Rosetta’s long jour­ney ends in a cloud of dust

Baltimore Sun - - NATION & WORLD - By Deb­o­rah Net­burn

The Rosetta mis­sion to catch up with a speed­ing comet, land a space probe on it and fol­low it as it flies past the sun has of­fi­cially come to an end.

Early Fri­day morn­ing, the Euro­pean Space Agency’s Rosetta or­biter com­mit­ted op­er­a­tional sui­cide when it de­lib­er­ately smashed onto the sur­face of 67P/Churyu­mov- Gerasi­menko, the moun­tain-sized comet that has been its con­stant com­pan­ion for the last two years.

The crash was slow but still fatal.

The mis­sion’s lan­der, Phi­lae, was built with legs, springs and har­poons to help it land on a comet and sur­vive. The Rosetta or­biter was de­signed to fly around 67P, not touch down on the sur­face.

There were no cam­eras to record Rosetta’s fi­nal mo­ments, but ESA en­gi­neers said the space­craft prob­a­bly bounced a few times given the comet’s low grav­ity. In the process, it prob­a­bly kicked up a cloud of dark, dry dust be­fore set­tling in its fi­nal rest­ing place on the smaller of the comet’s two lobes.

“At the mo­ment of im­pact, Rosetta will be crushed,” flight direc­tor An­drea Ac­co­mazzo said dur­ing the mis­sion’s fi­nal hours. “It will re­main on the comet for­ever be­cause there is no way to get it off the sur­face.”

But this death dive was not made in vain.

Mis­sion plan­ners at ESA put Rosetta to work un­til the last pos­si­ble sec­ond, pro­gram­ming it to col­lect high-res­o­lu­tion data from closer to the comet’s sur­face than ever be­fore.

Rosetta was not the first space mis­sion to study a comet, but it was the first to get to know one. Fly­ing along­side 67P for nearly two years, it was able to ob­serve En­gi­neers at the Euro­pean Space Op­er­a­tions Cen­tre man­age the de­scent of the Rosetta probe on Fri­day. how the comet evolved and changed as it trav­eled to­ward the sun and then re­treated to the outer so­lar sys­tem.

“It’s been a tremen­dously suc­cess­ful mis­sion,” said Paul Weiss­man, a comet sci­en­tist at the Plan­e­tary Science In­sti­tute in Tuc­son, who worked on Rosetta for 20 years. “Our plan was to ren­dezvous with the comet far from the sun and then watch its ac­tiv­ity grow and die back down, and that’s ex­actly what hap­pened.”

The 11 in­stru­ments on Rosetta were de­signed to ob­serve many as­pects of the comet. They mapped its phys­i­cal sur­face fea­tures, sniffed the cloud of gas and dust around its nu­cleus, an­a­lyzed its in­ter­ac­tion with the so­lar wind and used ra­dio waves to probe its in­te­rior.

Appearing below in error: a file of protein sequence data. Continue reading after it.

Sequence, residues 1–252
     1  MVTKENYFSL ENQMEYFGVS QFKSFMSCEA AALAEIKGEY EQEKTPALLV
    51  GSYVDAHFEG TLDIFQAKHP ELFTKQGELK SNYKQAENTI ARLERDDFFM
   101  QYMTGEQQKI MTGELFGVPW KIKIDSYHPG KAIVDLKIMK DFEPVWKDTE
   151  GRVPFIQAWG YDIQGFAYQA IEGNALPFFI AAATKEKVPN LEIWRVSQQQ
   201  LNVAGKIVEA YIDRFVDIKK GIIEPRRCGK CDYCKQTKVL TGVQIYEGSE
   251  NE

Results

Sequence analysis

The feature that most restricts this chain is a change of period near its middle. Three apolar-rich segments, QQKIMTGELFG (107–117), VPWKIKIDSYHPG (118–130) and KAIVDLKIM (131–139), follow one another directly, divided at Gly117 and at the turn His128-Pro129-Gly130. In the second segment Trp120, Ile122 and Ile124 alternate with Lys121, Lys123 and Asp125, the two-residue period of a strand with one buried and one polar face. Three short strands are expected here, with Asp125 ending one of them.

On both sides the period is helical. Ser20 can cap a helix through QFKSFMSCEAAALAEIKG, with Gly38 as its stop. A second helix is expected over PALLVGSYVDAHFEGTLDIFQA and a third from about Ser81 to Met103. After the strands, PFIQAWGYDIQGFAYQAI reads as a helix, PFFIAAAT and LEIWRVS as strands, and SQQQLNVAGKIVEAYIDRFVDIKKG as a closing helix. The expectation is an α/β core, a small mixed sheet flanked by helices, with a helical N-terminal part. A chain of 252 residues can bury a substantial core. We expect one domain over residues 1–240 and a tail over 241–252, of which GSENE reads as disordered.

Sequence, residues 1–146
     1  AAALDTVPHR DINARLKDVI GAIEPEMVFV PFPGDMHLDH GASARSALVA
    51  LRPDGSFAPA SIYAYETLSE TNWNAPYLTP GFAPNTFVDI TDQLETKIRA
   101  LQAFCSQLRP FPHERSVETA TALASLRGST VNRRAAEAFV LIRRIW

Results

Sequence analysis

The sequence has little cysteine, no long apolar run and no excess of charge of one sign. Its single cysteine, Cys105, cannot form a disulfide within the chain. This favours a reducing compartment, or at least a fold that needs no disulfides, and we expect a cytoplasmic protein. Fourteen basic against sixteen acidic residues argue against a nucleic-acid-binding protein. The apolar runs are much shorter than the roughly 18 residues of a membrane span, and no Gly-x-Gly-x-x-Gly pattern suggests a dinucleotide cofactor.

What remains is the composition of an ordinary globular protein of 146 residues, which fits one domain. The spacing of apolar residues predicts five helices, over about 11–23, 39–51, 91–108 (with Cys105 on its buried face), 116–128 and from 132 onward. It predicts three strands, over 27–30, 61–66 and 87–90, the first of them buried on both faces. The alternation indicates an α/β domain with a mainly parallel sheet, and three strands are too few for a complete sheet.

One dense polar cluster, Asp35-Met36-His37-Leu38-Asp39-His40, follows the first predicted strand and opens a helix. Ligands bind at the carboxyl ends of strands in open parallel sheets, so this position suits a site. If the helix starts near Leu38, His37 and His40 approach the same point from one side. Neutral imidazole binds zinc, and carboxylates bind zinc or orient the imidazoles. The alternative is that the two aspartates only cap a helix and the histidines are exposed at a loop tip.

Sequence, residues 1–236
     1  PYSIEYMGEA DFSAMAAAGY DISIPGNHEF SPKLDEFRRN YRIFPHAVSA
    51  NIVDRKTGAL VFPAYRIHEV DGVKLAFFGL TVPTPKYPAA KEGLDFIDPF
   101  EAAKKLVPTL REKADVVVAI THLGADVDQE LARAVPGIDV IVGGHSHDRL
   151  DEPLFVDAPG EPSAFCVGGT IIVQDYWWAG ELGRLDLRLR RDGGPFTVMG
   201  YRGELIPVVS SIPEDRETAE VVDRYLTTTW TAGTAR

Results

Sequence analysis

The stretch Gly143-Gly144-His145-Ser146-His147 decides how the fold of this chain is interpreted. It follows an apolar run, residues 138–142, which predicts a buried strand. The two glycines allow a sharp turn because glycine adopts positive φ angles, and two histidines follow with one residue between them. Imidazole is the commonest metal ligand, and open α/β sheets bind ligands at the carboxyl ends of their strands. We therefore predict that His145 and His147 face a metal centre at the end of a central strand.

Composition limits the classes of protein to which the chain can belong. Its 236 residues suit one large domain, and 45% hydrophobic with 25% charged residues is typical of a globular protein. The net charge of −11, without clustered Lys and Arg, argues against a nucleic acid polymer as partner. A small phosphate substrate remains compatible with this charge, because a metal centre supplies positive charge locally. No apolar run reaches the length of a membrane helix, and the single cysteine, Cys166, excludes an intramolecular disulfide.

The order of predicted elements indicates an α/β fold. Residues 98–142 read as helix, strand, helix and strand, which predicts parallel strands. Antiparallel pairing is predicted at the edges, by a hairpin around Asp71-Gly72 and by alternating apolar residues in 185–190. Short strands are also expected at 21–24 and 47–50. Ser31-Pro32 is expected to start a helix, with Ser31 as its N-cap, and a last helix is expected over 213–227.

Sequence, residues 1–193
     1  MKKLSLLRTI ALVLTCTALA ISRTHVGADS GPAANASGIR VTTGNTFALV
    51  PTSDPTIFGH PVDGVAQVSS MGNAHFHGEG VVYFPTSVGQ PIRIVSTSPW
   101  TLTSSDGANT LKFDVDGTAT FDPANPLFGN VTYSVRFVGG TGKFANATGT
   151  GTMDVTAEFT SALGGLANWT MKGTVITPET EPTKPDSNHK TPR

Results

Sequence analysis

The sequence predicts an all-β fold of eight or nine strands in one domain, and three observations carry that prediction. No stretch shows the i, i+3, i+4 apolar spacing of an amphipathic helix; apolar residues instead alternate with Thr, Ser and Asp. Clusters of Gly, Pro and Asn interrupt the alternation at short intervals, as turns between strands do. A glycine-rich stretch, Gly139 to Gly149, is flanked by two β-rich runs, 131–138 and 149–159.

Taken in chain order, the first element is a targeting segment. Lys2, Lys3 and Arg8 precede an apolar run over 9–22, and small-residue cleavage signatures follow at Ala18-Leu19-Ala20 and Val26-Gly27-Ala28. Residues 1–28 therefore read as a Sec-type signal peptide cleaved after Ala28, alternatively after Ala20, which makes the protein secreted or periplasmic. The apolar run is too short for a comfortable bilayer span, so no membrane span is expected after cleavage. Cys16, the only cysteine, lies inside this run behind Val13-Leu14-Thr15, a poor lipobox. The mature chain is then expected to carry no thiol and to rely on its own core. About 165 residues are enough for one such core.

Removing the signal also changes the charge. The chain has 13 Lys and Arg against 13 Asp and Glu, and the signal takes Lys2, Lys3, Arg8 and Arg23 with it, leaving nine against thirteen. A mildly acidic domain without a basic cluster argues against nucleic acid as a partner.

Sci­en­tists hope their study of 67P will re­veal clues about the ori­gin of the so­lar sys­tem and the be­gin­ning of life on Earth.

Re­searchers say the comet formed 4.6 bil­lion years ago, at the dawn of the so­lar sys­tem. Be­cause it has spent nearly its en­tire life in a deep freeze, the frozen mol­e­cules trapped in its nu­cleus could of­fer hints about the com­po­si­tion of the pre-so­lar neb­ula from which the sun and all the plan­ets formed.

Comets like 67P may have brought the molec­u­lar build­ing blocks for life to our planet.

Rosetta’s trav­els with 67P be­gan in Au­gust 2014, af­ter a con­vo­luted 10-year jour­ney across 4.9 bil­lion miles of space.

At the time of their first en­counter, the 2.5-mile­long comet was still in the cold re­gions of the so­lar sys­tem, 335 mil­lion miles from the sun.

To put that in con­text, the Earth is about 93 mil­lion miles from the sun; Jupiter, on av­er­age, is 483.8 mil­lion miles away.

Rosetta sent the Phi­lae lan­der down to the comet’s nu­cleus in Novem­ber 2014, mak­ing it the first probe to touch a comet and live to tell about it. It bounced twice be­fore beam­ing three days’ worth of data back to sci­en­tists on Earth.

Rosetta con­tin­ued to ac­com­pany 67P as it flew closer to the sun. Un­der the or­biter’s watch­ful eye, the comet grew more ac­tive as the warmth of the sun caused frozen ices in the nu­cleus to sub­li­mate and turn into gas jets that shot off the comet’s sur­face.

ESA sci­en­tists re­port that when the or­biter first ap­proached the comet, it was re­leas­ing about 300 grams of water va­por per sec­ond, the equiv­a­lent of two small glasses of water.

DANIEL ROLAND/GETTY-AFP

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